Boilers and furnaces: they both provide home heat, but they work in different ways.
Referring to your home heating system as a “furnace” has become the default, but if what you’re working with is actually a boiler, it’s important to know the difference between the two — as well as which you have.
Understanding the difference can save you money and simplify your home maintenance. Without knowing which system your home utilizes, there’s a risk of seeking assistance from the incorrect technician, leading to financial and time loss.
Here’s how to determine which your home is outfitted with:
The most straightforward clue is how air is circulated throughout your home.
If you have air vents throughout your home, you have a furnace.
A furnace uses a heating unit to create warm air, which then circulates through the air ducts in your house until it reaches you through the vents. This is known as a forced-air system.
Radiators or baseboards
If your home has radiator heat or baseboard heaters to warm it, then you have a water boiler heat system.
This is also known as a hydronic system. The way a boiler operates is that water is heated in the boiler, then pumped to your hot water radiators/steam radiators and hydronic baseboard heaters. Eventually, that water returns to the boiler unit to begin the process again.
Now that you know what you have, learning to maintain the system is the next step. With regular care and maintenance, you can be sure that your system will continue running smoothly.
Furnace maintenance tips
For standard forced-air heating systems, make sure to replace your furnace filter about once monthly to ensure that your system is free of dust and other air impurities. Turn off your furnace before replacing the filter, and make sure to close the door or panel securely when you’re finished.
If you have a high-efficiency air filter, you can change the filter less often — just check occasionally and change as needed.
Boiler maintenance tips
When you have a boiler system, in order to feel heat from your baseboards, make sure that the damper is open and make sure there is nothing blocking the bottom of the unit.
It’s crucial to check the steam boilers’ water levels regularly — the leading cause of issues is low water levels. You’ll need to flush the boiler if you notice the water has taken on the orange color that suggests rust.
Ensure that the valve on your radiator is firmly in the on or off position. Hovering in between does nothing to control the heat output, but can cause strain to pipes and cause a loud banging sound.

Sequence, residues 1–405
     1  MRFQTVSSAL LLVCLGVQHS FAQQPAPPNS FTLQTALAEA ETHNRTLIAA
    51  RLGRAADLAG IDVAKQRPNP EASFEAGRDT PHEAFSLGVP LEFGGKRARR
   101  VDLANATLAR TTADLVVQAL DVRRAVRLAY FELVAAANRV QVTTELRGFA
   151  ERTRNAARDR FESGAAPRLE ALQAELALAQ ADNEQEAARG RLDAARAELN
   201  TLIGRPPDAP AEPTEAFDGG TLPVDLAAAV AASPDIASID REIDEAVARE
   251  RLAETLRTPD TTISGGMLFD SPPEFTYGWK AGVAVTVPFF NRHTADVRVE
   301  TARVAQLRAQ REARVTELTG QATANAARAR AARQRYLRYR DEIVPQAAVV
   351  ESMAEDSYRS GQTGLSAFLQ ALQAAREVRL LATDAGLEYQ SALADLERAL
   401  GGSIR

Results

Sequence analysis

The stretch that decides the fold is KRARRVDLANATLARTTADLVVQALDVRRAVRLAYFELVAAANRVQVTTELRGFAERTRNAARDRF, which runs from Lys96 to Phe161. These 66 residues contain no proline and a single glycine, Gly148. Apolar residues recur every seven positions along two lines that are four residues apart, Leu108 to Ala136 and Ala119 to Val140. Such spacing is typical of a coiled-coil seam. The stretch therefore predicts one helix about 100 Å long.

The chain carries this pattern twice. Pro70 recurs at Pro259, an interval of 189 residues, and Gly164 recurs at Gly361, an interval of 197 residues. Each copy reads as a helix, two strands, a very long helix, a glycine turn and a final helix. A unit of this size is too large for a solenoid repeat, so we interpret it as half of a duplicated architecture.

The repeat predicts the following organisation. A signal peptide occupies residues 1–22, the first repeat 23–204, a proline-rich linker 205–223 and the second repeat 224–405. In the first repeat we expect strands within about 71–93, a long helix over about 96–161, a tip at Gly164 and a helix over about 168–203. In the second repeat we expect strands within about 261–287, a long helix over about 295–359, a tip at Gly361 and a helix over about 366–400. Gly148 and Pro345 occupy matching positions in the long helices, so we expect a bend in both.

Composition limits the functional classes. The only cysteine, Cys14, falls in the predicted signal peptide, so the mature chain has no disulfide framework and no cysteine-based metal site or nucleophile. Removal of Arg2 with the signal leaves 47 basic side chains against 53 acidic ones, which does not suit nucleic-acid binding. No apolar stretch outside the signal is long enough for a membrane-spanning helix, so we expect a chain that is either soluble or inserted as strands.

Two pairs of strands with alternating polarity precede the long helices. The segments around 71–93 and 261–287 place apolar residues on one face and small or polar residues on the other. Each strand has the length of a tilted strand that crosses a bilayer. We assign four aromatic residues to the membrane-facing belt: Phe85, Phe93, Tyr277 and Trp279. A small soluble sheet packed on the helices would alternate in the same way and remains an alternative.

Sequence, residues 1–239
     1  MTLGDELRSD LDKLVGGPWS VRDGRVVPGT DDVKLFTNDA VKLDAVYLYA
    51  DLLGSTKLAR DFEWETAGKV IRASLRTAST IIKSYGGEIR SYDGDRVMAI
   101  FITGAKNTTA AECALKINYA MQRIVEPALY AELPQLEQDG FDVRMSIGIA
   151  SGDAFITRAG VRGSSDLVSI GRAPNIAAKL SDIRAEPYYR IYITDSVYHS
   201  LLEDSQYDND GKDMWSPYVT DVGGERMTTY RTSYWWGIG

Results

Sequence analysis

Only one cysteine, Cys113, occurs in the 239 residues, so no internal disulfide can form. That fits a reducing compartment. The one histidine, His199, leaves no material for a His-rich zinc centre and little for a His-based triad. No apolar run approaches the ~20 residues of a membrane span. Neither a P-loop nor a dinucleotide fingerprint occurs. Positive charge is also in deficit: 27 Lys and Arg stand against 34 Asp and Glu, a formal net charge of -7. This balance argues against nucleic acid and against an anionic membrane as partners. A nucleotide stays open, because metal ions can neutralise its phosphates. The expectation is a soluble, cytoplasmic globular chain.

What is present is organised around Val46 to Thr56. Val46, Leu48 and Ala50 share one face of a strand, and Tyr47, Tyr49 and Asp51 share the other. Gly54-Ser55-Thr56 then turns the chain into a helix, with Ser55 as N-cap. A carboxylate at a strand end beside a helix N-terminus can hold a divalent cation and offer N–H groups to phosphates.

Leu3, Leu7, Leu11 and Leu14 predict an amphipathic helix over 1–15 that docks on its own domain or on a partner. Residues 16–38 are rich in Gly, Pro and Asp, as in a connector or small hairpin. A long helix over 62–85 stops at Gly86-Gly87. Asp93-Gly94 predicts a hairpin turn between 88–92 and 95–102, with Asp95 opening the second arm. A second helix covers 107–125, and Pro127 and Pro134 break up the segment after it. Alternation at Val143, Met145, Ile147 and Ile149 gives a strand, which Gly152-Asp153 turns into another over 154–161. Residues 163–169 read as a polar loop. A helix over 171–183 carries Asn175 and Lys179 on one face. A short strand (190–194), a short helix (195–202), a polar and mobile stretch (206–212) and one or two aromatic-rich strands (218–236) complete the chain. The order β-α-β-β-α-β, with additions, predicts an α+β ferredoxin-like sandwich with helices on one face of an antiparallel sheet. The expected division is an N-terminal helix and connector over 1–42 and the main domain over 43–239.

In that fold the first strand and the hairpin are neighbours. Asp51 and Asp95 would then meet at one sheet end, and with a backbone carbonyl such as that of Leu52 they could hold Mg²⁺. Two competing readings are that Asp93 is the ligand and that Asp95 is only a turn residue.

When it comes to any heating system, it’s essential to keep the area around them clean and clutter-free. Doing so keeps the equipment clean and smooth-running prevents obstructions that could alter their output and makes maintenance visits stress-free.
We’re happy to help with your heating needs. Contact us at Paraco for easy, reliable home heat.
Thanks for explaining that a boiler’s circulator is responsible for pumping the heat to the radiators. Ever since the weather started getting colder last month, I’ve noticed that my boiler hasn’t been able to heat the house to a comfortable level. I’m glad I read your article because now I feel a lot more prepared to talk with a boiler professional about the needed repairs!
Thanks for helping me understand the difference between a boiler and a furnace. My mom told me to purchase a boiler for our house but I keep on confusing it between a furnace. What you said about how a furnace uses air to heat the home is news to me. I’ve always thought that they have been using the same technology.
I didn’t know that boilers use a hydronic system to circulate water. My boiler has been broken for 3 months now and our house is freezing. I’ll have to consider getting a contractor to check to see if we need replacement parts for the rotator.
The furnace is the primary source of central heat, pumping hot air into every room and kicking the cold to the wayside. The boiler is supplying the hot water for morning wake-up showers and scrubbing pots clean. Boilers are typically more expensive than furnaces. KompareIt says boilers, which are more complex to install than furnaces, typically cost $2,500-$4,000 for a mid-range model, while high-efficiency boilers cost between $5,000-$10,000, including installation.